She taught her to read and to sew. Topsy liked reading, and learned her letters like magic. But she could not bear sewing. So she broke her needles or threw them away. She tangled, broke, and dirtied her cotton and hid her reels. Miss Ophelia felt sure all these things could not be accidents. Yet she could never catch Topsy doing them.
In a very few days Topsy had learned how to do Miss Ophelia’s room perfectly, for she was very quick and clever. But if Miss Ophelia ever left her to do it by herself there was sure to be dreadful confusion.
Instead of making the bed, she would amuse herself with pulling off the pillow-cases. Then she would butt her woolly head among the pillows, until it was covered with feathers sticking out in all directions. She would climb the bedpost, and hang head downwards from the top; wave the sheets and covers all over the room; dress the bolster up in Miss Ophelia’s nightgown and act scenes with it, singing, whistling, and making faces at herself in the looking-glass all the time.
‘Topsy,’ Miss Ophelia would say, when her patience was at an end, ’what makes you behave so badly?’
‘Dunno, missis—I’spects’ cause I’s so wicked.’
‘I don’t know what I shall do with you, Topsy.’
’Laws, missis, you must whip me. My old missis always did. I an’t used to workin’ unless I gets whipped.’
So Miss Ophelia tried it. Topsy would scream and groan and implore. But half an hour later she would be sitting among the other little niggers belonging to the house, laughing about it. ‘Miss Feely whip!’ she would say, ‘she can’t do it nohow.’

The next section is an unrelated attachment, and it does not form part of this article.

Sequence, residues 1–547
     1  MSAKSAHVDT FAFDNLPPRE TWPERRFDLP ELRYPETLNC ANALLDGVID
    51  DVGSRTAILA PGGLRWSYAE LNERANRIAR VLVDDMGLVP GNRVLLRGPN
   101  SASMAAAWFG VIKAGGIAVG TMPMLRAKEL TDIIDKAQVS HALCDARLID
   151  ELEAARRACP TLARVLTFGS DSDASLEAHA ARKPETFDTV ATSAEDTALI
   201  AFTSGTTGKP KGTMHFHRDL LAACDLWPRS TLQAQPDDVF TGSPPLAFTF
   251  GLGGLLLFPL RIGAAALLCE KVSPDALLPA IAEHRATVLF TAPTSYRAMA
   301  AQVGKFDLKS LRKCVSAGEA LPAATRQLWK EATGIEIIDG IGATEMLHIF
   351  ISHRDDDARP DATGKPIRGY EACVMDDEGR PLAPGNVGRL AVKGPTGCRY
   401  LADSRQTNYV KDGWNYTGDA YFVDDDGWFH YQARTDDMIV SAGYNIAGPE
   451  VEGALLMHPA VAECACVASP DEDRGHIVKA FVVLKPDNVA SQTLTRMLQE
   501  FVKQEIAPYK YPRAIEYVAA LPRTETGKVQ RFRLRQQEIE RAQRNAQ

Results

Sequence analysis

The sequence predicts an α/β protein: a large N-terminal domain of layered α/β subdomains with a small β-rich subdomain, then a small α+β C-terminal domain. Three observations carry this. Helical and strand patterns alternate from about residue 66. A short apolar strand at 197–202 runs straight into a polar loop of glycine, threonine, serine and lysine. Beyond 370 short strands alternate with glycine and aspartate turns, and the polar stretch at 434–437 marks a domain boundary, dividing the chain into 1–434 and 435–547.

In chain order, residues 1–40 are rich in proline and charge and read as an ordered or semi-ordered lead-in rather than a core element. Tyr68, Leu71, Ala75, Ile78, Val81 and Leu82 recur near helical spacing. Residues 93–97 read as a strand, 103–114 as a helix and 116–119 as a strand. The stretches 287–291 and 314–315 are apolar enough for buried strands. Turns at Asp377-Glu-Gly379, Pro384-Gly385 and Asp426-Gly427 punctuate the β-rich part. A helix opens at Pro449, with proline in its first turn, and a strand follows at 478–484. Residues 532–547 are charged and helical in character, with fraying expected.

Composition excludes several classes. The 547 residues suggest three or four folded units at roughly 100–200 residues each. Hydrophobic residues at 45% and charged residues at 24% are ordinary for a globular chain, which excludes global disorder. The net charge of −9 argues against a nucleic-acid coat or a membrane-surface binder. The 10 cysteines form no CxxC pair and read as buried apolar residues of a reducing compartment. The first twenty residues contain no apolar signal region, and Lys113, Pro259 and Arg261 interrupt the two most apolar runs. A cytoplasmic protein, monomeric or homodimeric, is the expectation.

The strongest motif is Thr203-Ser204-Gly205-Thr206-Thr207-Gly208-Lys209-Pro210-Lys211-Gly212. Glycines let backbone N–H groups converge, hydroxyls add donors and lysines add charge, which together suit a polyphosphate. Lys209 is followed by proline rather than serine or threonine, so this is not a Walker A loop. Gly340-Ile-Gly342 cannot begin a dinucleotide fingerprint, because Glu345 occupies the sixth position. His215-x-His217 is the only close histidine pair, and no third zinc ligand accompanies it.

‘Law, you niggers,’ she would go on, ’does you know you’s all sinners? Well, you is; everybody is. White folks is sinners too—Miss Feely says so. But I ’spects niggers is the biggest ones. But ye an’t any of ye up to me. I’s so awful wicked, there can’t nobody do nothin’ with me. I ‘spects I’s the wickedest crittur in the world.’ Then she would turn a somersault, and come up bright and smiling, evidently quite pleased with herself.
EVA AND TOPSY
Two or three years passed. Uncle Tom was still with Mr. St. Clare, far away from his home. He was not really unhappy. But always in his heart was the aching longing to see his dear ones again.
Now he began to have a new sorrow. He loved his little mistress Eva very tenderly, and she was ill.
He saw that she was growing white and thin. She no longer ran and played in the garden for hours together as she used to do. She was always tired now.
Miss Ophelia noticed it too, and tried to make Mr. St. Clare see it. But he would not. He loved his little Eva so much, that he did not want to believe that anything could be the matter with her.
Mrs. St. Clare never thought that any one, except herself, could be ill. So Eva grew daily thinner and weaker, and Uncle Tom and Aunt Ophelia more and more sad and anxious.